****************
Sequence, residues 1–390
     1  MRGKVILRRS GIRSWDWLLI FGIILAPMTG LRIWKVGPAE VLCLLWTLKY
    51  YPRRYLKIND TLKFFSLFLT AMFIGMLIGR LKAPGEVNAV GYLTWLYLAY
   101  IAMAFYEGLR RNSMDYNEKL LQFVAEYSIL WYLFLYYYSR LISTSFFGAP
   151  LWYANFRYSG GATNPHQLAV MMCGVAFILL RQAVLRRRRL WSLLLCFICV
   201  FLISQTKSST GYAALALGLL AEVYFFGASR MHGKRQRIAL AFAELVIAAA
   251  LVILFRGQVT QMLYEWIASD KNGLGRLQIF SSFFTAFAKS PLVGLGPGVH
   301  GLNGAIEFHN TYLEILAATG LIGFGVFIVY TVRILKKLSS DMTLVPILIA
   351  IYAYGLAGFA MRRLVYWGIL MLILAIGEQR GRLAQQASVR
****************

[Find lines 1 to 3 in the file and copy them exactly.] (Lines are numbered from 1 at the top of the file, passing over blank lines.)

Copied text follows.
Sequence, residues 1–390
     1  MRGKVILRRS GIRSWDWLLI FGIILAPMTG LRIWKVGPAE VLCLLWTLKY
    51  YPRRYLKIND TLKFFSLFLT AMFIGMLIGR LKAPGEVNAV GYLTWLYLAY